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Fire Fighting Western Style

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Published on: May. 2, 2000

Last revision: Nov. 5, 2010

Every year, when big fires advance up the West Coast toward northern California, Idaho, Oregon and Washington, experienced Missouri fire fighters start gearing up -- mentally and physically.

It's not that the western fires are any threat to Missouri. We have our own fire problems here. However, most years the Conservation Department, at request of the U.S. Forest Service, sends one or two 20-person crews, including support and supervisory people, to help fight western fires.

Fire fighting can get into your blood, and that's part of the reason why people volunteer to leave home for three weeks. There is an adrenaline rush from watching a fire race from treetop to treetop and even more of a thrill from being able to stop the fire's advance. In a way it's a test of self confidence in the face of Mother Nature's worst behavior.

Western fire duty allows Conservation Department personnel to learn and refine their wildfire suppression skills. These skills pay obvious dividends during Missouri's spring and fall fire seasons.

I was on standby for being called to fight western fires one summer a few years ago. I wasn't sure whether I would be going or when, but knowing the call could come at any time, I kept my bags packed and stayed in fire-fighting shape by running every day at the local high school track.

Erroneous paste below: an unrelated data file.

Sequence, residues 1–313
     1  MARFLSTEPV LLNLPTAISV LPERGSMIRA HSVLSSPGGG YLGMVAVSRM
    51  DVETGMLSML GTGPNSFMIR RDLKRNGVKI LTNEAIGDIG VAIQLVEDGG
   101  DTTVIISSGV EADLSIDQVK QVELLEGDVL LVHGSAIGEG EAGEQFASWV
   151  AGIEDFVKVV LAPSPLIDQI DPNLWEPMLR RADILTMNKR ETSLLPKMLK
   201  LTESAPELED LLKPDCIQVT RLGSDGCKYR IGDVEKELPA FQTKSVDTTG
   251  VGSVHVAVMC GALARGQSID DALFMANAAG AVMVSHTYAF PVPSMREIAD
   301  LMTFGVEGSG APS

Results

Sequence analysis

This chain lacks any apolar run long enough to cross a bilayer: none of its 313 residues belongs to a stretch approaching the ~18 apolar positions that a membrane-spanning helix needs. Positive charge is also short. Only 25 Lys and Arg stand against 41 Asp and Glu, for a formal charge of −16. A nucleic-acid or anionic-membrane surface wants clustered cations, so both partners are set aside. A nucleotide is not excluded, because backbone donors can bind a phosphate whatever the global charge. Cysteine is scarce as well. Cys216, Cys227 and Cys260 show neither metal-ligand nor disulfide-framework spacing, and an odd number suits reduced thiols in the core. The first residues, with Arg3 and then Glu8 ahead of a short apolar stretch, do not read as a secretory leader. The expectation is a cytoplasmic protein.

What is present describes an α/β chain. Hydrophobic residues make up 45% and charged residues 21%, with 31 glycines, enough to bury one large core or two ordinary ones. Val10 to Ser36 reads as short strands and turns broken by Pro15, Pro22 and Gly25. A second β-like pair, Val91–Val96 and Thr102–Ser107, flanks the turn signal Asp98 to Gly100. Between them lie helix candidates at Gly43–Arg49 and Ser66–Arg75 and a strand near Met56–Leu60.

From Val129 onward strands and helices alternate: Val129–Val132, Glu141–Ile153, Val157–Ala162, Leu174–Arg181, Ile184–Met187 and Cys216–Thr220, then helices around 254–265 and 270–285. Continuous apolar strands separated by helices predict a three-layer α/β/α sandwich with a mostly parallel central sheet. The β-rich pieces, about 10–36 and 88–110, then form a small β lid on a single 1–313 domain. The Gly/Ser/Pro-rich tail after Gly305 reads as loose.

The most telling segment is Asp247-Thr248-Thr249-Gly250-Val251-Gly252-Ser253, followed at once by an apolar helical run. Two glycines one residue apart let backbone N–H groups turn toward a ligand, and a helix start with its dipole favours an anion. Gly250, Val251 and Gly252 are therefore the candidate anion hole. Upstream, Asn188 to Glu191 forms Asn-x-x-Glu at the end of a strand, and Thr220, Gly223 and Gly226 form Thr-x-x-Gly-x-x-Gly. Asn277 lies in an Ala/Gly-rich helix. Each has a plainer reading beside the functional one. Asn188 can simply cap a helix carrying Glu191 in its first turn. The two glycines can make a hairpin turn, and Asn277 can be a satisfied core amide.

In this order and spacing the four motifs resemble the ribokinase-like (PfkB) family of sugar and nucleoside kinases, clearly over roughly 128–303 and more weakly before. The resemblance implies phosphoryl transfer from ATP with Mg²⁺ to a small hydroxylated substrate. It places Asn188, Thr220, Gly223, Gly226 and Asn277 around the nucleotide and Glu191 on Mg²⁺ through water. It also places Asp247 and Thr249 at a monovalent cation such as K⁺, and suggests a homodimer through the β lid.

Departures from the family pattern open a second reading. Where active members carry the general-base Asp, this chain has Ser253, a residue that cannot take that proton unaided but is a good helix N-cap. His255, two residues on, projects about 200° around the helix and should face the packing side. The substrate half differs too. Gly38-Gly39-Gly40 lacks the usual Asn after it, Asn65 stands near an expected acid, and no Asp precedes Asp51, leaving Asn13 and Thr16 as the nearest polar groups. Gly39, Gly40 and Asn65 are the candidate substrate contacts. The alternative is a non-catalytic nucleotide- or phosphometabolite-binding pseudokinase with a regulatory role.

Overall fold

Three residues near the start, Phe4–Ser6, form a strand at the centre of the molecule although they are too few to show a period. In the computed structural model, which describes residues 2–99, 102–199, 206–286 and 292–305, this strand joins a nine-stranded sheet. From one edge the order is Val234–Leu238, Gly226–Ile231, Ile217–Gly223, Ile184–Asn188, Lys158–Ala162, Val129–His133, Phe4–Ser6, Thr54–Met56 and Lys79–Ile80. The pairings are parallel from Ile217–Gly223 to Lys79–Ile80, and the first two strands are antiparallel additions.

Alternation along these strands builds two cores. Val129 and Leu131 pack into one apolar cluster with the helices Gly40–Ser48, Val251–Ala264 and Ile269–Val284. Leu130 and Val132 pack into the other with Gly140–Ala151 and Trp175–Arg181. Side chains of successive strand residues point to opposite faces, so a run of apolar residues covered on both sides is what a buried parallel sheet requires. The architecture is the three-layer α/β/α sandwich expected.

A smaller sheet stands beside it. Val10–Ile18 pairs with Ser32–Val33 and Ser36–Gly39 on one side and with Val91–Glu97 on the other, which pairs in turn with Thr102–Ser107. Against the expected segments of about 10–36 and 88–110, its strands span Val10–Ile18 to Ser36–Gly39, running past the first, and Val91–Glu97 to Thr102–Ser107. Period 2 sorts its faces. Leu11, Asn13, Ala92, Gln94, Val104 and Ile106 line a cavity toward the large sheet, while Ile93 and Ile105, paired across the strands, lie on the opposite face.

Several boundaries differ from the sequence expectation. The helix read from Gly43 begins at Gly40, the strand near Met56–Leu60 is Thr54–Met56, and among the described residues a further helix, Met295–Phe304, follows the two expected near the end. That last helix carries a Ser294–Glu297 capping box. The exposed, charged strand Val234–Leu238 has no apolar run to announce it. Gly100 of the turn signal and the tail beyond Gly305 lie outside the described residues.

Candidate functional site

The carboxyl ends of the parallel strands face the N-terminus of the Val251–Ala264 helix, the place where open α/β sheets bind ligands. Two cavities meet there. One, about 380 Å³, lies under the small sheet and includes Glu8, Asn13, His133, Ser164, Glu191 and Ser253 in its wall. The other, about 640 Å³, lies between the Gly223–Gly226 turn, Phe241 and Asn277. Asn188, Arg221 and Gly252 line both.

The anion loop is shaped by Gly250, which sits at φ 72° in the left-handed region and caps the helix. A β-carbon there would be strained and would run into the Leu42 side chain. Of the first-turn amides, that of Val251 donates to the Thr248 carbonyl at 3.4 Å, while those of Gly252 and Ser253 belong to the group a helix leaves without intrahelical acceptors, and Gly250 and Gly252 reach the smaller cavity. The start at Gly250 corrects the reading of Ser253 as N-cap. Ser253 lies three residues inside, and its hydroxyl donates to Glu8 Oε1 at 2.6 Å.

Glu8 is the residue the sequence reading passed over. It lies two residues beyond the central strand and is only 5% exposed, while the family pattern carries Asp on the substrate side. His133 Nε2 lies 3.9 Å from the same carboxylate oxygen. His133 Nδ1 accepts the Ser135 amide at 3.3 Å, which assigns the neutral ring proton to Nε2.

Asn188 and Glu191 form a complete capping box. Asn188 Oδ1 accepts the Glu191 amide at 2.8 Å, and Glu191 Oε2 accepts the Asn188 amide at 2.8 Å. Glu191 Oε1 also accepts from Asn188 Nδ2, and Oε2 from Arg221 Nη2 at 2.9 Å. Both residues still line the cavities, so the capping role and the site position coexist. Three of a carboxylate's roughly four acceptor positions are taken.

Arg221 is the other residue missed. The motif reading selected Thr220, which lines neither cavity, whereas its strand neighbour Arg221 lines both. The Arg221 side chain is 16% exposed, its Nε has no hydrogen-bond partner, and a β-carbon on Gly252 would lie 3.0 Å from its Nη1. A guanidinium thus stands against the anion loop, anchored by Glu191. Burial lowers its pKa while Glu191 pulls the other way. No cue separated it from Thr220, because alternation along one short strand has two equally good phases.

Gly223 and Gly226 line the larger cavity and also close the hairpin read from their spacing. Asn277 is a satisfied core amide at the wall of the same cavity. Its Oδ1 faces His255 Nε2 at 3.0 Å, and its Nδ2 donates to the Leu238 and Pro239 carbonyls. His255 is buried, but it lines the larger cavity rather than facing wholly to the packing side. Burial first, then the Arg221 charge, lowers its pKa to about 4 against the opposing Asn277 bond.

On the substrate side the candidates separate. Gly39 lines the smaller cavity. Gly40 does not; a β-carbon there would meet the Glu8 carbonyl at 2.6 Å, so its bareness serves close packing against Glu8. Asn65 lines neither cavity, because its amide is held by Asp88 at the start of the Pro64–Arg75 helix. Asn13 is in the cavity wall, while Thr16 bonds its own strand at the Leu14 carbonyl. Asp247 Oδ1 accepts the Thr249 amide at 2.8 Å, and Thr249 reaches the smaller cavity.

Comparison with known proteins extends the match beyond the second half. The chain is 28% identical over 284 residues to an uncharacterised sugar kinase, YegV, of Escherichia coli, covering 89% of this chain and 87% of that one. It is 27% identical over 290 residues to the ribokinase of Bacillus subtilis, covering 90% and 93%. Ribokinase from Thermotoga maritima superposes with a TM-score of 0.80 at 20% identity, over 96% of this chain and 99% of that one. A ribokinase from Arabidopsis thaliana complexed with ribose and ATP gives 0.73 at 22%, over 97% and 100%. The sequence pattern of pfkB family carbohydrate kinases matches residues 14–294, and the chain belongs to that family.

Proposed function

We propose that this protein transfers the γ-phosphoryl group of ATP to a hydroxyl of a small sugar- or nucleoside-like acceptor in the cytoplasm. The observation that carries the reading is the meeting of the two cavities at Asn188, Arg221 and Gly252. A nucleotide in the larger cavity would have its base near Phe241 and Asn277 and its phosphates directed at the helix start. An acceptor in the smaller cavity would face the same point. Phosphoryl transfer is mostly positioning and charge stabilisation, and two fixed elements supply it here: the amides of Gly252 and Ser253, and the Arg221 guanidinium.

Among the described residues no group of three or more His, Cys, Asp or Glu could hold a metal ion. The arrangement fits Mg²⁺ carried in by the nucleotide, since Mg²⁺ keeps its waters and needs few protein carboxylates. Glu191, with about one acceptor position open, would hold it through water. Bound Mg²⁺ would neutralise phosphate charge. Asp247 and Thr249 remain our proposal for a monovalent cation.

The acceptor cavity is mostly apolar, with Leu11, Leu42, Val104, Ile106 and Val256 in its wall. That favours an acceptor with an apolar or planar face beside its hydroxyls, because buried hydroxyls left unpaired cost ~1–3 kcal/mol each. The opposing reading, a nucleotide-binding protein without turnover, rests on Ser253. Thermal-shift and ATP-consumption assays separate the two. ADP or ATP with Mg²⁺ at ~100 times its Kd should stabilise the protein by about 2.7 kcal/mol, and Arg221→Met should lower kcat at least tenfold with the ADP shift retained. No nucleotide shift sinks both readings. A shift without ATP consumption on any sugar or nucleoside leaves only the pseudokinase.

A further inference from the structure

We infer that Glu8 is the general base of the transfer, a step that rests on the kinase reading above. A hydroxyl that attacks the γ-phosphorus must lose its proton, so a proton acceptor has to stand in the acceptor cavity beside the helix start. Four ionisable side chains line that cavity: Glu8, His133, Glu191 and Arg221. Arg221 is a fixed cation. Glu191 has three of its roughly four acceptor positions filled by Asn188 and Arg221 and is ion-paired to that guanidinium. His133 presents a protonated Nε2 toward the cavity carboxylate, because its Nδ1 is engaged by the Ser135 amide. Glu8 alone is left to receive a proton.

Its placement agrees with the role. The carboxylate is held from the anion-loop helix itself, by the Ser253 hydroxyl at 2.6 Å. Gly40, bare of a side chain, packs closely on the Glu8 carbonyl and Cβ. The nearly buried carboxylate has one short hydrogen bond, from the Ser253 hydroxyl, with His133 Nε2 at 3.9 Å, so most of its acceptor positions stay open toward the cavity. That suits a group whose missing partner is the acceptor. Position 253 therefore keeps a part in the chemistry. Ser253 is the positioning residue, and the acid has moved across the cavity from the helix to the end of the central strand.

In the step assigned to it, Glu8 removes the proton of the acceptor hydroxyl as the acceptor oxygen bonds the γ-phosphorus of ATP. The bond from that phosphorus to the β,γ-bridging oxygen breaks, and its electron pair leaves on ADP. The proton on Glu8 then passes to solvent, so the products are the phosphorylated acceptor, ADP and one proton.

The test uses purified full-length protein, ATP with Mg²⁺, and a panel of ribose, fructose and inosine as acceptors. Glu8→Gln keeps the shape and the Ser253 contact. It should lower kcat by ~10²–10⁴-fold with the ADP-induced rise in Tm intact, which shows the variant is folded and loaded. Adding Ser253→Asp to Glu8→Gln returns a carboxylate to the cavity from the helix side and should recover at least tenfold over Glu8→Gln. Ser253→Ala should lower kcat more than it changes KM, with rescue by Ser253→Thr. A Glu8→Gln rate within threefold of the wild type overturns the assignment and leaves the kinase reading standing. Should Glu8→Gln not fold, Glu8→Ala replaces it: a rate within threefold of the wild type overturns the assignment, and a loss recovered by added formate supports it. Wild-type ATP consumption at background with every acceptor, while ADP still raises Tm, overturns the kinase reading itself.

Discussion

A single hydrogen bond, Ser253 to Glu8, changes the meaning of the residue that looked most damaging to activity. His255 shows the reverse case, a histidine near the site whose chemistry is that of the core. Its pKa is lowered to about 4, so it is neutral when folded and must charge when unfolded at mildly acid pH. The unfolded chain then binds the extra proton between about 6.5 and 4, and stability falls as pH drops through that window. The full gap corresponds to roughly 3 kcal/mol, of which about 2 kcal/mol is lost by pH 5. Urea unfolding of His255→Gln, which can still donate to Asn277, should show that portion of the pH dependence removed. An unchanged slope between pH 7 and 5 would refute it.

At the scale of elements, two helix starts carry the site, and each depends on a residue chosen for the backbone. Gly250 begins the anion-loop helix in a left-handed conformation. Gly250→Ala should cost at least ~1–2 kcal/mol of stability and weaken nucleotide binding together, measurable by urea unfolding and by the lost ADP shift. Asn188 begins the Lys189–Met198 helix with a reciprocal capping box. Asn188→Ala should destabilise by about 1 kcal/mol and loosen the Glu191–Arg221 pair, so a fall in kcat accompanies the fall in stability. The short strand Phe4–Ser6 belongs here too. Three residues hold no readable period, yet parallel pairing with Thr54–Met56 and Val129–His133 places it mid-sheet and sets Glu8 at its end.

Finally the call came. Tom Ronk, the Conservation Department's fire program supervisor asked me if I could be at the Forest 44 Conservation Area near St. Louis at 5 a.m. the next morning. From there our group would travel to Oregon to fight fires.

After several phone calls, some last minute packing and a ceremonial haircut, I was en route to St. Louis.

Many of the crew members were already at Forest 44 when I arrived.

Some were organizing their equipment; others were trading stories from their last trip. All were anxious, but the veterans knew how not to look too excited, as the rookies nervously checked and rechecked their gear.

Crew supervisors, squad bosses and crew members held frequent meetings to make sure everyone was mentally and physically prepared to fight fire for 21 days. We held a fire shelter practice session to ensure that every one of us knew how to use this life saving equipment.

Supervisors also weighed our gear. No one could board the plane with over 55 pounds of clothing and protective equipment. After we received the final briefing on our

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